(= Roast Leg of Wild Boar)
Recommended wine: L'Abbandonato Riserva Montecucco Sangiovese D.O.C.G.
Use a sharp knife to remove any unwanted, callous parts from the meat; cut it open “a libro” (= like a book) and season with salt and pepper. Finely chop the leaves of 2 sprigs of rosemary, 2 sage leaves, and the cloves of garlic with some salt and pepper. Use the tip of a knife to make 6-7 incisions, about 1 cm deep, here and there in the meat; insert some of the chopped herb mixture into each one. “Close” the meat and tie it up with kitchen string. Insert the slices of bacon and remaining rosemary and sage between the meat and the string. Season with some more salt and pepper and place it in a roasting pan, with 3-4 spoonfuls of olive oil in the bottom; drizzle the remaining oil over the top and cover with a sheet of aluminium foil. Cook in a preheated oven, at 160 °C, for roughly 2 hours. Half way through the cooking time take the pan out of the oven, remove the foil and pour in the white wine; cover the pan again and continue cooking, basting the meat with a few spoonfuls of its juices once or twice. After 2 hours check to see whether it is well browned, and if it isn’t, remove the foil, increase the temperature to 200 °C and cook for another 10-15 minutes, turning the meat from time to time so it becomes a nice golden brown. When you take it out of the oven, leave it to cool down; then remove the string and slice it on a carving board. Arrange the slices of meat on a serving dish and drizzle over it some of the “sauce” that has formed in the bottom of the pan, nice and hot. Serve accompanied by the rest of the “sauce” from the pan and... buon appetito!
(= Ricotta and Spinach Roulade)
Recommended wine: Ca' dell'Oro V.S.Q.
In a bowl, mix the ricotta with the grated aged pecorino, chopped pistachios, eggs, breadcrumbs, some salt and pepper, and the basil leaves (washed, patted dry and ripped up by hand). Carefully clean and wash the spinach, put it in a saucepan while still dripping wet and put the lid on. Cook for a few minutes stirring several times; the volume of the spinach will diminish considerably during cooking. Strain the spinach when it’s still “al dente” (the leaves mustn’t fall apart), wait 5-10 minutes for it to cool a little, then squeeze it well, forming small balls, and chop it coarsely with a knife. Now heat the oil in a heavy-bottomed frying pan and add the shallot (cleaned and finely chopped). When it has turned golden brown, add the spinach, season with salt and cook over a low heat, stirring with a wooden spoon. Turn off the heat and leave to cool down.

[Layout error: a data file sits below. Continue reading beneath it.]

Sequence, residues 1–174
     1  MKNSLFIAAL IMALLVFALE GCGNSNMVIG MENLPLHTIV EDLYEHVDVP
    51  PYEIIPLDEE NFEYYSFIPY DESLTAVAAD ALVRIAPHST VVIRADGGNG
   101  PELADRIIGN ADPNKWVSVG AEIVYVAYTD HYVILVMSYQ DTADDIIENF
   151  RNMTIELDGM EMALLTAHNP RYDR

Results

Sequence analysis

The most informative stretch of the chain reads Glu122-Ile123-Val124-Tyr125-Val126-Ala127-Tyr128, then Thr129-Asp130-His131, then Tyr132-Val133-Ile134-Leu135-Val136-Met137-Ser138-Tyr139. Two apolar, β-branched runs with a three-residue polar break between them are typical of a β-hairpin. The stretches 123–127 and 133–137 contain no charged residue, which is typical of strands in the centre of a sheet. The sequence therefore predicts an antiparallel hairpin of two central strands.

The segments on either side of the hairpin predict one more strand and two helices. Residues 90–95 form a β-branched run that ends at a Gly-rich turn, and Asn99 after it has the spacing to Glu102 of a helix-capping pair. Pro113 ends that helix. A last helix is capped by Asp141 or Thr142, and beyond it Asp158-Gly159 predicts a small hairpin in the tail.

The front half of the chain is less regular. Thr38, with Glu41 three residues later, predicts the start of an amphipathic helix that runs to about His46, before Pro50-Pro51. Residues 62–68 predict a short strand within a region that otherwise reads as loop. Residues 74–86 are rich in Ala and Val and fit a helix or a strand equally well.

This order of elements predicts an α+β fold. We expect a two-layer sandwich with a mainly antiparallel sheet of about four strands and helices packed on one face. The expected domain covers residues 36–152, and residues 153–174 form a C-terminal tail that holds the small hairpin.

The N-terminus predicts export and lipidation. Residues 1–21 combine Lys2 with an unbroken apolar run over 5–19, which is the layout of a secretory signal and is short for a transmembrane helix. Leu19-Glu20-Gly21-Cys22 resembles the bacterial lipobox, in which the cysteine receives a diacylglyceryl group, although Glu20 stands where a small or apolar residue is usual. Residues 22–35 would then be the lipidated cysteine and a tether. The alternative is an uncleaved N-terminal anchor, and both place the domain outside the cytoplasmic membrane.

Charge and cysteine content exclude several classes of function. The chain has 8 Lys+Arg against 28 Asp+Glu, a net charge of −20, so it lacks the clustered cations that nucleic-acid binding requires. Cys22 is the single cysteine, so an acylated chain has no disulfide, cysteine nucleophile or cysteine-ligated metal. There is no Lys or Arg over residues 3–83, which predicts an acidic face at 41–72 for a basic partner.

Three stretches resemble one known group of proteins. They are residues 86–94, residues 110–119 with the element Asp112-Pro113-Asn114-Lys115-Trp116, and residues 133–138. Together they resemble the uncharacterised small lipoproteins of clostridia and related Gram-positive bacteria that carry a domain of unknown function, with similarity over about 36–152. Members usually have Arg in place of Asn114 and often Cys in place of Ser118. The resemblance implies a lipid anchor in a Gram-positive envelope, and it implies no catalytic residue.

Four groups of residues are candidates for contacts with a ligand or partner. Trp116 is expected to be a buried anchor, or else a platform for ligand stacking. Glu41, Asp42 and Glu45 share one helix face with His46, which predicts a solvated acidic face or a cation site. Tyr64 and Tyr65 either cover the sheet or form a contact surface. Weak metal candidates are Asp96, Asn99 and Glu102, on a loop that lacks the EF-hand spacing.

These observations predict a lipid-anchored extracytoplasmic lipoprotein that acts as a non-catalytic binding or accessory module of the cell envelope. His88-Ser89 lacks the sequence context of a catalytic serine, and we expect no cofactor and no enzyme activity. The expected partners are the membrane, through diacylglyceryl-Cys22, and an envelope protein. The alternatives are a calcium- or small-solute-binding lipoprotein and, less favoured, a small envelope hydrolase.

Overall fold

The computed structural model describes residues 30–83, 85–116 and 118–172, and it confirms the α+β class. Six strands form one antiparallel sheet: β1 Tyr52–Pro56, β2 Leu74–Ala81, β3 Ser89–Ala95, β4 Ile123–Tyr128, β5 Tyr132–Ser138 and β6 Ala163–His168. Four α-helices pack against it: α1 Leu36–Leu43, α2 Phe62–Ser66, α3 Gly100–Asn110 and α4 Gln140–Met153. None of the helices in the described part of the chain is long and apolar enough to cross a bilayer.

Lay a sheet of greaseproof paper on your work surface, tip the ricotta mixture onto it and shape it into a rectangle approximately 1.5 cm thick. Create a layer of spinach on top and then a layer of slices of fresh pecorino. Now, using the greaseproof paper to help you and beginning from one of the long sides, roll everything up; wrap the paper all around the roll and tie both ends up tightly with string. Transfer the roulade into a baking pan, cover with kitchen foil and cook in a preheated oven, at 180 °C, for 40 minutes. Take it out of the oven, leave it to cool down completely and, after removing the paper, lay your roulade “roast” on a chopping board and cut it into slices about 2 cm thick. If you like, you can serve it with a tomato sauce and a few basil leaves.
(1) “Gattò” (pronounced like the French gâteau) is the name, inherited during French dominion and revisited “Arezzo-style”, of a cake from this area that, in its shape and colour, recalls the dish described in this recipe.